96 2.5. Discussion and conclusions 79 be related to the surface charge. A study carried out by Schaeublin et al., shows that positively charged gold nanoparticles cause apoptosis, while neutral ones cause necrosis in HaCat cells . Beside all the previously mentioned factors that affect the NPs toxicity, a sizedependent toxicity was also observed in both cell lines, see Fig. 2.12(a), (b), which is clearer in case of OK cells, see Fig Toxicity decreases as maghemite core size and bead hydrodynamic size increase, which will be explained in the next chapter by a lower uptake observed in larger nanoparticles sizes, as shown in Fig 3.9(a). A similar finding was observed by Mahmoudi et.al. who observed a decrease in the cellular toxicity of PVA coated SPIONs by increasing the hydrodynamic diameters, due to lower uptake . In addition, cell death seems to be concentration dependent, as indicated by the linear correlations shown in Fig. 2.12(c), and inversely proportional to the total number of nanoparticles (total surface area) Fig. 2.12(d). The subsequent studies have been focused on OK cells only, as the preliminary in vivo studies indicated accumulation of nanoparticles in kidney. Exposure to SPIONs has been associated with apoptosis . In this work we show that our SPIONs cause necrotic cell death, which is indicated by absence of the common apoptotic markers: DNA fragmentation, see Figs and 2.17, and caspase- 3, see Fig The relationship between SPIONs and ROS induction is not clear. Some studies show the ability of SPIONs to induce ROS , others show their peroxidase-like activity . ROS can cause cell death through either apoptosis or necrosis, then, the link between ROS and induction of toxic effect is not clear and seems to be somehow cell type-dependent . ROS induction by nanoparticles depends on several factors such as coating stability, the amount of total surface area of internalised IONPs and also the time of incubation [41,74]. After 24 hours of incubation with R1 bioferrofluids our bioferrofluids did not show any significant changes in carbonyl contents level in OK cells, see Fig There may be two explanations supporting this result. First, the incubation time maybe inadequate, as in this study we measured the carbonyl content level after 24 hours of incubation. Arbab et al. showed that ROS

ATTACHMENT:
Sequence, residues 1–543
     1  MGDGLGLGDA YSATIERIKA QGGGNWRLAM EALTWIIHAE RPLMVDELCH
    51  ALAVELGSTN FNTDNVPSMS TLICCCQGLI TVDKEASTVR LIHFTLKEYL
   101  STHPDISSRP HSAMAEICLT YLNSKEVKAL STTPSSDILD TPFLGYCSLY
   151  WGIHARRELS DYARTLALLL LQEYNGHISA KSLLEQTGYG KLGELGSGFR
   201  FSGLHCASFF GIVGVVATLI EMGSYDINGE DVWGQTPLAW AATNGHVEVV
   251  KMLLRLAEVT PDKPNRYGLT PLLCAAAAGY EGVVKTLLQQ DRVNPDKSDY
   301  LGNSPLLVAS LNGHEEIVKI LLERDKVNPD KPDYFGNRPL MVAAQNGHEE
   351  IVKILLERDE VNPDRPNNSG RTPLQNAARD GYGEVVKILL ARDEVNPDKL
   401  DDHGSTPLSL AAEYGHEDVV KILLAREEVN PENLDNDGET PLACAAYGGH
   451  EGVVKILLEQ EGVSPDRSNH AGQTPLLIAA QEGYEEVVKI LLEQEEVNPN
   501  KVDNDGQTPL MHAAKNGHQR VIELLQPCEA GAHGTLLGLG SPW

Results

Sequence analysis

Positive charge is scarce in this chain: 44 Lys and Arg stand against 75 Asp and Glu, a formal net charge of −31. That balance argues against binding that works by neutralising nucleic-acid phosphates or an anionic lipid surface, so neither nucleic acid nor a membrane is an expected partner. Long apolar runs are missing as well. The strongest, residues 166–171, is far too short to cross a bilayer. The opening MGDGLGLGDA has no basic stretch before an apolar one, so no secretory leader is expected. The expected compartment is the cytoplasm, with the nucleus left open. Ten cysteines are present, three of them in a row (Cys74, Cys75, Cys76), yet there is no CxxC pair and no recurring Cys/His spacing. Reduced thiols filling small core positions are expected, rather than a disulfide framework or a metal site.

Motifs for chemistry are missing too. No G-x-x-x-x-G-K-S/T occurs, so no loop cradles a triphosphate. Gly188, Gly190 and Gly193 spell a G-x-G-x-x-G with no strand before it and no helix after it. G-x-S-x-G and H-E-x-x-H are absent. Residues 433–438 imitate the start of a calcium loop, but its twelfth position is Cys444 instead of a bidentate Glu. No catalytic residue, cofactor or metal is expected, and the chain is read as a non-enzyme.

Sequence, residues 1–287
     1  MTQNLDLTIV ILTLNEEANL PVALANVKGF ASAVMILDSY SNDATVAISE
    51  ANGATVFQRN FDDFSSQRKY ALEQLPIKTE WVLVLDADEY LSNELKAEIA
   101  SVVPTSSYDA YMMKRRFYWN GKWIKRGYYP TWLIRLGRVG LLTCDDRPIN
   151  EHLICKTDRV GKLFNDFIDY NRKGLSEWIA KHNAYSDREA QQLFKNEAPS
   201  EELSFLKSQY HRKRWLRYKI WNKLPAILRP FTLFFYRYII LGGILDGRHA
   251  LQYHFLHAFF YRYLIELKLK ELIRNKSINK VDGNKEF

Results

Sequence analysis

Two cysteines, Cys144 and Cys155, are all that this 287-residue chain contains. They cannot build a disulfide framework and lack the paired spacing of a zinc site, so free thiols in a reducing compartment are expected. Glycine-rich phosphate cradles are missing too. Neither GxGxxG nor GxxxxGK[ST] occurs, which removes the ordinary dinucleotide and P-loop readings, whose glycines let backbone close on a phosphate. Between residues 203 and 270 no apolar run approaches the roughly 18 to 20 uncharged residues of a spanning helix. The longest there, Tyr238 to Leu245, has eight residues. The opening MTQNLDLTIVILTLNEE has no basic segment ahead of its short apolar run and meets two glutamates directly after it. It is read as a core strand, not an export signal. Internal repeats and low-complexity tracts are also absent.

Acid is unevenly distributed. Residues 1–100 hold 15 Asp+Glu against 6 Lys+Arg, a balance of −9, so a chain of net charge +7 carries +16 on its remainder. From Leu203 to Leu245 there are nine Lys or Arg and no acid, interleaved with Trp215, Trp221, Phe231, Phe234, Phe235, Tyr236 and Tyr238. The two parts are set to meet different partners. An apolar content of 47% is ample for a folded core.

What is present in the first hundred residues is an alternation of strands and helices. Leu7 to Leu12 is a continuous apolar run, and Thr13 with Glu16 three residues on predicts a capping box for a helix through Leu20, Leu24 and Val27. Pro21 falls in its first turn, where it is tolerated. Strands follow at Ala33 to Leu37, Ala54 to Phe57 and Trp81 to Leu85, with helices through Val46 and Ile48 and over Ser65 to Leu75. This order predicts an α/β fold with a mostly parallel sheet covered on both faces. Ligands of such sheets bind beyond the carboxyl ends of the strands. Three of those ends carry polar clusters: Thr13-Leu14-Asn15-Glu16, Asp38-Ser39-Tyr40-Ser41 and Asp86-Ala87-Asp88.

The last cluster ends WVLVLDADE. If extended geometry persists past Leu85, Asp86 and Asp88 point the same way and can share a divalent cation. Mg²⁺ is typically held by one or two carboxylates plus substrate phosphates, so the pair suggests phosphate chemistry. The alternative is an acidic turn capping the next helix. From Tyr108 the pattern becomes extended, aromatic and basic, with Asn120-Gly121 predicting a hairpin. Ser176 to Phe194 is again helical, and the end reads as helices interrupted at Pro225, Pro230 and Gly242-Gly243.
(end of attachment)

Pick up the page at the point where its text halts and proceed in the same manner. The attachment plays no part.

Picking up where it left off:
97 80 Chapter 2. Cytotoxicity studies induction by SPIONs reaches its highest level after 24 hours of incubations and returns to normal after 72 hours . However, Stroh et al. showed that ROS induction by SPIONs reaches its highest level after 90 minutes of incubations and disappears after 24 hours of incubation . All these studies are depending on the coat stability of the nanoparticles as well as other experimental factors (e.g. cell type). Therefore, assessing the carbonyl content in time interval is mandatory. A second explanation can be in the higher stability of our coating (P4VP-g-APEG). Our maghemite nanoparticles are embedded within P4VP that is stable at acidic ph and then coated with PEG. The degradation resistance of P4VP under acidic ph protects the IONPs from degradation in the lysosmes. This explains the persistence of our nanoparticles as intact over a period of 30 days post injection in vivo without any toxic effect (chapter 5) and well as the non-oxidative stress induction. Stability of the coat and ROS induction have been the centre of several studies. Soenen et al. showed that the endosomal localisation of different coated SPIONs results in nanoparticles degradation and release of free ions that generate ROS. Thus, citrate coated SPIONs showed faster maximal ROS induction (4h) compared to other SPIONs coated with dextran or lipid . Carbonyl content level results were confirmed by the normal level of GSH in nanoparticles treated cells, as shown in Figs and Many nanomaterials have been reported to induce inflammation as a consequence of an elevated level of ROS or as a consequence of nanomaterial binding and activation of cell surface receptors, see Fig. 2.4(d). This leads to the activation of NF-KB, which in turns activates inflammatory genes, including genes encoding the pro-inflammatory cytokines: TNFα, IL-6 and IL-1β [34,77,78]. The pro-il-1β is converted to activate IL-1β with the help of Caspase-1, which results from inflammasome activation. Our nanoparticles produced an elevated level of IL-1β at higher concentration (0.02 g/l Fe 2 O 3 ) of R1, see Fig. 2.22, demonstrating the inverse relationship between nanoparticle size and induction of inflammatory effect. Similar results have been observed by Yang et al. using silver nanoparticles . Activation of the inflammasome occurs through several stimuli, one of them being the lysosomal damage. For this reason we have carried out an assay to elucidate the